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Teacher: The One Who Made the Difference

3.48 of 5 stars 3.48  ·  rating details  ·  125 ratings  ·  20 reviews
In 1969, Mark Edmundson was a typical high school senior in working-class Medford, Massachusetts. He loved football, disdained schoolwork, and seemed headed for a factory job in his hometown—until a maverick philosophy teacher turned his life around.

When Frank Lears, a small, nervous man wearing a moth-eaten suit, arrived at Medford fresh from Harvard University, his stude
Paperback, 288 pages
Published September 9th 2003 by Vintage (first published 2002)
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As a teacher, I came to this book looking for tips, looking for insight into how to be "the one that made a difference." Edmundson says that there are two kinds of great teachers: ironists, like Socrates, who ask rather than lecture, who admit that they do not know, rather than insist that they do. Their agenda is not to convince the student of a particular view, but to convince the student to live thoughtfully, mindfully, and honestly by his own lights; and truth-tellers, like Freud and Jesus, ...more
Ali Pezzullo
I enjoyed another book by Edmundson called Why Read, which gives an indepth perspective on what he believes about teaching, reading, and our culture: we need to live out the truth of literature. Teacher was very different because it is written as a memoir rather than as an academic essay. I found it difficult at times to maintain my commitment to it; it is slow and Edmundson does not discuss Frank Lears as much as I thought he would. Edmundson is more interested in portraying the change which he ...more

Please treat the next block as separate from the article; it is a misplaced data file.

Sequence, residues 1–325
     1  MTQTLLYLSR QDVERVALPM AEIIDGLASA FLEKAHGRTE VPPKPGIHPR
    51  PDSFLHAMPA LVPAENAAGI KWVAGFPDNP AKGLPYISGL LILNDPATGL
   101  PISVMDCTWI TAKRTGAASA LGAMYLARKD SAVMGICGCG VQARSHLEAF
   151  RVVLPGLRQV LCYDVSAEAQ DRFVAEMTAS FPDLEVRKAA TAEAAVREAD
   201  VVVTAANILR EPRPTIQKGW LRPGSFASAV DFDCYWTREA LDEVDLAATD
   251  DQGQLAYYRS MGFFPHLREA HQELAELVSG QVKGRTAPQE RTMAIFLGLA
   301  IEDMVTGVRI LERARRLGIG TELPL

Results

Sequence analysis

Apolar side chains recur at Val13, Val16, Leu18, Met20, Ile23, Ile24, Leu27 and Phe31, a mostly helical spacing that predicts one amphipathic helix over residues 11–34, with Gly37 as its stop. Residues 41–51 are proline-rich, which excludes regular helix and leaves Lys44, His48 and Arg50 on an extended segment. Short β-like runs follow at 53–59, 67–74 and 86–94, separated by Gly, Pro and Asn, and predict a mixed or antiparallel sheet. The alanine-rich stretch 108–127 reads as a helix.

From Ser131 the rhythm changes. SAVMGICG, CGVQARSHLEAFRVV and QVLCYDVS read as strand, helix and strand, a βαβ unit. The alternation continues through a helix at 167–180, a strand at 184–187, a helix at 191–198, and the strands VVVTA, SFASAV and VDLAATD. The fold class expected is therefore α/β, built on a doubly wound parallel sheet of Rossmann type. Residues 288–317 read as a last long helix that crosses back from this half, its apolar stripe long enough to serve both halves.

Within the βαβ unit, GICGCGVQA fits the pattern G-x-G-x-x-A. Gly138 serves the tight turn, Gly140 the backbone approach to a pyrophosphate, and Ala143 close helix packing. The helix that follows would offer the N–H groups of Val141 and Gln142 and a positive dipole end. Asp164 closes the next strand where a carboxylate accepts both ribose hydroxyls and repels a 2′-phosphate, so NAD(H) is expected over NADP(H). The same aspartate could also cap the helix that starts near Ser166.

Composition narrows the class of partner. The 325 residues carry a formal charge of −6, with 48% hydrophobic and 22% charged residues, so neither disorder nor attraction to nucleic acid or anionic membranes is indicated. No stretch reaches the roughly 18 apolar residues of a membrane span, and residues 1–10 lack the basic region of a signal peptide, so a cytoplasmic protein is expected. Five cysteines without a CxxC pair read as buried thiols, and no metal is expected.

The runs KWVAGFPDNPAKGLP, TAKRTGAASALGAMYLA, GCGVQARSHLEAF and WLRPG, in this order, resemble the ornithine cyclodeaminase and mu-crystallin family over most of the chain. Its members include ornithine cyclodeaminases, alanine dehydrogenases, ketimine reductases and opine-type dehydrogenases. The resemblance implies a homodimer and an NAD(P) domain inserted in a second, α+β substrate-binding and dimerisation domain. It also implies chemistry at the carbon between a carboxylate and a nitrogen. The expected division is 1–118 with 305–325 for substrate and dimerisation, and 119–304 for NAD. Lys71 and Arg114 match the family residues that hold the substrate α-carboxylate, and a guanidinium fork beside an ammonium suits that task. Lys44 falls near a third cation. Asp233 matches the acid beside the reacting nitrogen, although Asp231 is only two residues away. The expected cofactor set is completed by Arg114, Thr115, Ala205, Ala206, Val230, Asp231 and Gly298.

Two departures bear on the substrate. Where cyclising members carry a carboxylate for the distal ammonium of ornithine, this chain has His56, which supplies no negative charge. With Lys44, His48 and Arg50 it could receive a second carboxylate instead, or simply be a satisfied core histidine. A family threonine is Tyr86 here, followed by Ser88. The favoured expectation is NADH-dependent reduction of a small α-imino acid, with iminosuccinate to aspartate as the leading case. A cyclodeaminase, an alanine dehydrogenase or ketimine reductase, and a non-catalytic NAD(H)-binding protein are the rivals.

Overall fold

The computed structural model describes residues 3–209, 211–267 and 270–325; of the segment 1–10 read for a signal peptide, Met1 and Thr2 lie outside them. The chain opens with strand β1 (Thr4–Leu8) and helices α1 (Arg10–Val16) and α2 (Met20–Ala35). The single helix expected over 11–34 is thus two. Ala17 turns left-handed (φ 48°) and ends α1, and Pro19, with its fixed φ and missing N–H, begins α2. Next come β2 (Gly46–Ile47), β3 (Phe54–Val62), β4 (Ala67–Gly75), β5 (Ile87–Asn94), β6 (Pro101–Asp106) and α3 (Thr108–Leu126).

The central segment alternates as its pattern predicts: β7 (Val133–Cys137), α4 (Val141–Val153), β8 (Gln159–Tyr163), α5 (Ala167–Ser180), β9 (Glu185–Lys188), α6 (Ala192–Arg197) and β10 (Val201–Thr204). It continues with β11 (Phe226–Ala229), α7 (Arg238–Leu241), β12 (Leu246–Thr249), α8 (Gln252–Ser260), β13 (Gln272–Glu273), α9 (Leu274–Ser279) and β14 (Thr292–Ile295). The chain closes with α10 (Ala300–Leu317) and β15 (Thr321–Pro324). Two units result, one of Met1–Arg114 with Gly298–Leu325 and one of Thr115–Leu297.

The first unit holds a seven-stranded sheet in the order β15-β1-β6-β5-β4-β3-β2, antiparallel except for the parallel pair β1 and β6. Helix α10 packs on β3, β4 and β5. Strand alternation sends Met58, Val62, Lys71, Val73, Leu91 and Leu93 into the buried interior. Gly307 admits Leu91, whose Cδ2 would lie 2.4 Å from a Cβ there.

Aug 11, 2008 Ellen rated it 3 of 5 stars
Recommended to Ellen by: Steve
Shelves: non-fiction
I really enjoyed this book. At first I was a bit disappointed that there wasn't more about the teacher that Edmundson sets out to honor, and it took me a while to get into the book. But in the end, I really got absorbed. I like books that are set in the 60's, and I like to read different points of view about the war and the protesters and the hippies. This was a pretty good memoir of that time (as judged by me, who wasn't even born then) - what it was like to be a normal, slightly confused, most ...more
Alli Poirot
Recommended to me by the headmaster of the new school where I will be teaching starting in August. There are some interesting connections here-- the author grew up in Malden and Medford, just one town over from where I live and have lived for the past 9+ years; he also went to Bennington. Me too.

The book is a memoir about the author's experience of a philosophy class taught by an inspiring, but mostly very alien and nonconformist teacher in his senior year at Medford High School.

I have to say,
This book was great inspiration for anyone who wants to become a teacher (espeically if you're male) because for once, the book connected to the reader. Granted it takes place during the late 1960s and early 1970s so we cannot relate to the problems in society but the reader can connect with the author in the experiences that he has. Also, Franklin Lears (the teacher) is one of the most influential people and one of the best literary characters. He makes the kids think for themselves by using of ...more
Up front: I highly disliked this book.

To be fair in general I don't enjoy memoirs, but this one seemed particularly tedious.